Hong Kong’s Education Bureau has asked school heads to report on their support measures for students and guidance plans for those arrested amid the resurging social unrest.
In a circular issued on Tuesday, the bureau urged schools to “nurture students’ positive values and positive thinking”, also asking them to encourage pupils to rectify inappropriate behaviour.
It pointed to police figures showing 40 per cent of cases related to the anti-government protests involved students.
“Recently, there have been more cases of prosecution and conviction. The situation is distressing and worrying,” the circular said. Apart from imparting knowledge, schools also had a responsibility to cultivate virtue, it said.
“For students who have deviations in behaviour or even values, schools have the responsibility to strengthen the work in assisting the students to develop positive thinking, as well as good character and behaviour,” it said.
Among the 8,981 people arrested over the anti-government protests since June last year, 3,664 were students, including 1,602 secondary school pupils and eight primary ones.
A form has been distributed to schools to report on the support measures and whether progress has been made. They have until the end of September to return them.
The bureau’s circular asked the schools to develop long-term, personalised guidance and discipline plans for the arrested students. But it also reminded them such plans should not affect the relevant judicial proceedings.
“For instance, it is inappropriate to discuss the evidence or how to deal with the relevant litigation with the students concerned,” it said.
Teddy Tang Chun-keung, chairman of the Hong Kong Association of the Heads of Secondary Schools, said the bureau’s instructions were vague and he hoped authorities would explain the purpose of the “additional administrative work”.
Tang said schools had always provided support to students in need and he believed school heads would not consider it a move by authorities to tighten control over them.
“But the form is a new thing,” he said. “Many school heads hope the authorities will explain more on how to report back to them, like, what details they would like us to report. The form does not ask schools to report if they have students getting arrested in protests. But after all, it is additional administrative work.”
Last week, Education Secretary Kevin Yeung Yun-hung asked schools to discipline any students or teachers who intended to join a planned strike and class boycott over Beijing’s imposition of a national security law on Hong Kong.
Meanwhile, a survey by a local teachers’ union found over a third of teachers said they had been asked by their supervisors to steer clear of political topics on campus, while four in five said they avoided holding discussions on sensitive subjects in class.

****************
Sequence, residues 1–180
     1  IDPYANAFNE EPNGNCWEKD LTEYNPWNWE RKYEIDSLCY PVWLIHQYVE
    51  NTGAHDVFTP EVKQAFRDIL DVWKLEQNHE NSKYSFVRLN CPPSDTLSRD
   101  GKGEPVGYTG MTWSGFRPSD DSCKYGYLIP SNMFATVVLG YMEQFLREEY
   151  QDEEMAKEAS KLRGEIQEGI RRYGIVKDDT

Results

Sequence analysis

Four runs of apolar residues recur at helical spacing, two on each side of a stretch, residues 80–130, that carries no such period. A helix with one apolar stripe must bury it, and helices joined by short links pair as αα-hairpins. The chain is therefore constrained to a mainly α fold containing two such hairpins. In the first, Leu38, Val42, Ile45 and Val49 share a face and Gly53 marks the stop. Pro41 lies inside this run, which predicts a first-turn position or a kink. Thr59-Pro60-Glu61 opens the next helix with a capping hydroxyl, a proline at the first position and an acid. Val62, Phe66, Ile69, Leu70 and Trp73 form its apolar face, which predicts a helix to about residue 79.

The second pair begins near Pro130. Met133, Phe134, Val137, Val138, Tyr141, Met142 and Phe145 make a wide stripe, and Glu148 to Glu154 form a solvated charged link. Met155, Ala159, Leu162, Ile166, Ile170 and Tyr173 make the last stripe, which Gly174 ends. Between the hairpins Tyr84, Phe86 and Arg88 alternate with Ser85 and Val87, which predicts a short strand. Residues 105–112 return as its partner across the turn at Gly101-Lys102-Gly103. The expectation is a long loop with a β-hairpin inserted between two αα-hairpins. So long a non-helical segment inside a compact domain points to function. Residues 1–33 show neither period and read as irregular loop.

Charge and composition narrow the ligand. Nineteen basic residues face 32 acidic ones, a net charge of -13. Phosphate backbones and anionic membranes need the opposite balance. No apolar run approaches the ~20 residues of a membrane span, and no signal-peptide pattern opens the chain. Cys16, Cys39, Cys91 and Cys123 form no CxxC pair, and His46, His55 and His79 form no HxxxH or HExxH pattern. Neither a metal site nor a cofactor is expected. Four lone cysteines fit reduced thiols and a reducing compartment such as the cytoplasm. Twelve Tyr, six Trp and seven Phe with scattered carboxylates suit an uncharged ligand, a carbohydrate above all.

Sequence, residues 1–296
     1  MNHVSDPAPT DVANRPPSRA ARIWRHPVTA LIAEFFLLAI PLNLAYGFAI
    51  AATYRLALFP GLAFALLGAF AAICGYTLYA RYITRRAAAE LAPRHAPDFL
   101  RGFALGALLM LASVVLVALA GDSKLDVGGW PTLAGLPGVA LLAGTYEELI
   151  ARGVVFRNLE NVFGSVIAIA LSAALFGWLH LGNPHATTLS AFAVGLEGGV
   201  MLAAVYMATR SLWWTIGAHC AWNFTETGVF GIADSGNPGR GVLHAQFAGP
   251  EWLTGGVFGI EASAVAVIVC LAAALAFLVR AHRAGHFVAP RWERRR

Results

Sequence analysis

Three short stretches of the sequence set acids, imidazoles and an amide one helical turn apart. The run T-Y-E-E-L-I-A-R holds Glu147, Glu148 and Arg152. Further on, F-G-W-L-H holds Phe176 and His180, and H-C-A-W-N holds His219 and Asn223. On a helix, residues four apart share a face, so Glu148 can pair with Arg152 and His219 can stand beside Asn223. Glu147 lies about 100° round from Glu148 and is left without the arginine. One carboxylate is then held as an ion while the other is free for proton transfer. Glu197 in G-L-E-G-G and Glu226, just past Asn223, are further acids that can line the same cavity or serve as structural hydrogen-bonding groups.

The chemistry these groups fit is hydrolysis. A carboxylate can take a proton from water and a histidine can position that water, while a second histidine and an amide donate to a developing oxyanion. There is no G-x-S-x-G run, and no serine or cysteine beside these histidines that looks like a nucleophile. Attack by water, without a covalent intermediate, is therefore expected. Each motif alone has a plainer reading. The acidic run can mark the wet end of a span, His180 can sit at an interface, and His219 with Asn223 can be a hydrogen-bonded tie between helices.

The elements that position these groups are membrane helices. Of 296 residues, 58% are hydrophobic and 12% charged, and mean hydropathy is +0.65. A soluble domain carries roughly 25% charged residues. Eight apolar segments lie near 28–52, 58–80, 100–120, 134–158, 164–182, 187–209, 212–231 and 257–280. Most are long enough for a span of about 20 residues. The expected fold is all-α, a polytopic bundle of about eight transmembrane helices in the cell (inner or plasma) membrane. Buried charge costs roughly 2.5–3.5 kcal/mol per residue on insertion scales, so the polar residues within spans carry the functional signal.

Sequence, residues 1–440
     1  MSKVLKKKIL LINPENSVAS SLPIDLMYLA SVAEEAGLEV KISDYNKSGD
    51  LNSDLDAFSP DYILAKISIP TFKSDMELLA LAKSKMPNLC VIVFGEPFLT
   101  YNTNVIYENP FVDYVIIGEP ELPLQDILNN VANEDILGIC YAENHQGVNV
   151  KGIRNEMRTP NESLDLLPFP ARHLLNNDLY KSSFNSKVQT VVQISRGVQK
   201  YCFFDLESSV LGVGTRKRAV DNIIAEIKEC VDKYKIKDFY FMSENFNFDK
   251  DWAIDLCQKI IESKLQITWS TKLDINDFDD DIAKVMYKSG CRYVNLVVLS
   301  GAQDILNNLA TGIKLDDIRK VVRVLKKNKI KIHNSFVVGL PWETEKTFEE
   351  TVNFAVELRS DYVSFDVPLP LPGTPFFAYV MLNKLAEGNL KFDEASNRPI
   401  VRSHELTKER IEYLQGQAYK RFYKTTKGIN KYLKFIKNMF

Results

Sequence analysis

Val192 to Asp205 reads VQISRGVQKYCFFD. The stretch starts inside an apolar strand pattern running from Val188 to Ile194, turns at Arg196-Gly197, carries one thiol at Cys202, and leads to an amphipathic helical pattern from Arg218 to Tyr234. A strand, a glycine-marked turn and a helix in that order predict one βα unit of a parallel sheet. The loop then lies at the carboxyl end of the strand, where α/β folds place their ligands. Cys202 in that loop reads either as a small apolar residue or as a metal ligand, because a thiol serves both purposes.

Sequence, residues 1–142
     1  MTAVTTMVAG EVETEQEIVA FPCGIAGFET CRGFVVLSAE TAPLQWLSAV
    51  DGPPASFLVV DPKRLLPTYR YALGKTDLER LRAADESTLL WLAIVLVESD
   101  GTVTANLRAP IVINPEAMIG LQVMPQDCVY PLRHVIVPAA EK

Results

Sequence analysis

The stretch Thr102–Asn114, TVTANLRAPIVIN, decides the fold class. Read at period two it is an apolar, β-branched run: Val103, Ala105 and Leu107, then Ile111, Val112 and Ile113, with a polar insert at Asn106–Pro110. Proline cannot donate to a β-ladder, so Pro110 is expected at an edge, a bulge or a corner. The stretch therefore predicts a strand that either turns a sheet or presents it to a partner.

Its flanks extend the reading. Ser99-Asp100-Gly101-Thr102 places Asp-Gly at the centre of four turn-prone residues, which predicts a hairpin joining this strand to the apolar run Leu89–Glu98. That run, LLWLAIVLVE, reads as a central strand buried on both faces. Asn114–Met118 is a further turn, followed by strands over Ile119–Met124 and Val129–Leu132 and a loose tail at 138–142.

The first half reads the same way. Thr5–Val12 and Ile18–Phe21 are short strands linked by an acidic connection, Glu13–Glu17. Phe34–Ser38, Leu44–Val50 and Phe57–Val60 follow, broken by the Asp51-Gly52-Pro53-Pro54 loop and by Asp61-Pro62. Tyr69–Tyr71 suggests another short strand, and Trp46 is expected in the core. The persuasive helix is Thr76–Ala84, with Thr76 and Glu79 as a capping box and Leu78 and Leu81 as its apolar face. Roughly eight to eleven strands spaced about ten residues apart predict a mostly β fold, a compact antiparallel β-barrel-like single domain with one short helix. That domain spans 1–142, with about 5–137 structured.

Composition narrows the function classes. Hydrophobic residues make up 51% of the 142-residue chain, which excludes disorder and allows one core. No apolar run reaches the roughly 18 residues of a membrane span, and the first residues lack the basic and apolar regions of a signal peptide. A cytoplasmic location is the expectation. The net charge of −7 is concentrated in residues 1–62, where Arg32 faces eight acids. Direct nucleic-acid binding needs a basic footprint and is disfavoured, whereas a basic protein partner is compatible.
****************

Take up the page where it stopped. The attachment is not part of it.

About 80 per cent worried about being the subject of parents’ complaints or doxxing because of their political views, while 60 per cent said they avoided joining marches and two-thirds refrained from using social media.
Conducted by the Professional Teachers’ Union, the survey also found 90 per cent of teachers were losing confidence in the autonomy of the profession in the wake of what was deemed “suppression” by education authorities regarding the handling of recent controversies in the sector.
The union interviewed 1,185 teachers, headmasters and senior administrative staff in primary and secondary schools and kindergartens, as well as special schools, between June 2 and 10.
Some 80.3 per cent said they would avoid discussing sensitive topics in class, while 78 per cent said they were frustrated because they felt there was “pressure from the government”.
Some 35.5 per cent said they were asked by their supervisors not to hold discussions on political issues on campus. And 54.1 per cent said they were told not to discuss the protests over the now-withdrawn extradition bill and related issues with students.
Union president Fung Wai-wah asked education authorities to stop interfering and respect “professional autonomy”.
“Schools and teachers are forced to waste time and effort to deal with political nuisance from the outside,” Fung said.
Hong Kong’s education sector has stepped into a brewing political storm triggered by the anti-government protests that began last June. Between last June and March this year, the Education Bureau received 192 complaints of teacher misconduct related to the unrest. Wrongdoing was substantiated or likely substantiated in 93 of 144 cases in which investigations were substantially completed. About 80 teachers and teaching assistants were arrested for offences related to the protests.
Examination authorities struck out a controversial test question in the history paper of this year’s university entrance examination on whether Japan “did more good than harm to China” in the early 20th century, following a request by the bureau.
In a strongly worded commentary, China’s state-run news agency Xinhua called the question “poisonous”, saying: “Hong Kong’s education system is a place where the worst elements of society are assembled and students are being poisoned.”
Potentially, a government is the most dangerous threat to man's rights: it holds a legal monopoly on the use of physical force against legally disarmed victims.